Islamic Banking

Bank Negara Issues Shariah Parameters

Vanessa Doctor, Asia Editor, 29 September 2009

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What many see as the inherent strength of Islamic finance amid the global crisis is spurring supporting nations to create a legal framework that would provide certainty and predictability to transactions.

In a recent speech by Bank Negara Malaysia governnor Dr Zeti Akhtar Aziz, Dr Aziz stressed the building of so-called Shariah Parameters, which he said not only represents an important bridge between the governing Shariah principles and Islamic finance itself as a practice, but also serve as a solid risk mitigator.

"From a domestic perspective, more jurisdictions are considering a central Shariah Council as the ultimate decision making body on Shariah matters," he said, commenting on the differences in Shariah interpretations between countries which add to the complexity of cross-border transactions.

"Islamic financial transactions have their own unique risk characteristics that need to be managed. The introduction of new, more innovative and complex products and financial transactions enables the disaggregation and repackaging of risks in ways that have not been explored. Shariah advisors would require collective expertise, including legal practitioners, to identify and understand the permissibility of a given structure," Dr Aziz added.

To promote the consistent application of Islamic financial contracts in Malaysia, Bank Negara issued Shariah Parameters aimed at setting a standard of reference on Shariah for Islamic finance practitioners. The Shariah Parameters will outline the main requirements in contracts and provide examples, methods and models for their practical application.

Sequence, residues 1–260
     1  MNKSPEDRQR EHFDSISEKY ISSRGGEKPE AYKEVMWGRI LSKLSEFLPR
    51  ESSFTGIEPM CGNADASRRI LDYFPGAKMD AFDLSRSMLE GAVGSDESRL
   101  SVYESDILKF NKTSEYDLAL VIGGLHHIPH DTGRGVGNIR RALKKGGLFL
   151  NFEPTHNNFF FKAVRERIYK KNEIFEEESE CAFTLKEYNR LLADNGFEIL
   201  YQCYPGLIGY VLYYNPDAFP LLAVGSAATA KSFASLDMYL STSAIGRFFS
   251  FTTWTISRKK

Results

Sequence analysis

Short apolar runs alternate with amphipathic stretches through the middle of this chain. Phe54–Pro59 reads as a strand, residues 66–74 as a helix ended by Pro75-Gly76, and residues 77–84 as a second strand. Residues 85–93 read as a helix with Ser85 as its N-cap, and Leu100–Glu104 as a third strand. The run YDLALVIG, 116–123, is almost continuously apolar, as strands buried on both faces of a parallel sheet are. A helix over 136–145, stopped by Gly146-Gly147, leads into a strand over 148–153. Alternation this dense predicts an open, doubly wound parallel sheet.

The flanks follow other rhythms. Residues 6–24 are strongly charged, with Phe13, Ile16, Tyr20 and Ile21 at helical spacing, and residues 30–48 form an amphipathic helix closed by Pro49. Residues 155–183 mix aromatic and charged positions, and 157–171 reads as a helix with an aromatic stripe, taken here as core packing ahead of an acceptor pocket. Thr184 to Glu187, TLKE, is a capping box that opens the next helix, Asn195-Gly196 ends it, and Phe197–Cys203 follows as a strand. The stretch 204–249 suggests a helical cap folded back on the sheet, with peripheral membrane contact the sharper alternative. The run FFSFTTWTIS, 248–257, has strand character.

"In Malaysia, Islamic finance disputes are adjudicated in civil courts and not the Shariah courts where the jurisdiction is limited to matters relating to Muslim individuals.  If the dispute concerns a point on the ascertainment of Shariah, the courts and arbitrators are required to refer to the Shariah Council at Bank Negara Malaysia to facilitate the ruling," Dr Aziz said.

At present, Islamic banking assets in Malaysia comprise nearly 19 per cent of total banking assets, with total financing now amounting to RM118 billion ($33.8 billion) and accounting for 20.1 per cent of the total financing portfolio of the banking sector. On the global front, Islamic financial assets are expected to grow to $1.6 trillion by 2012.

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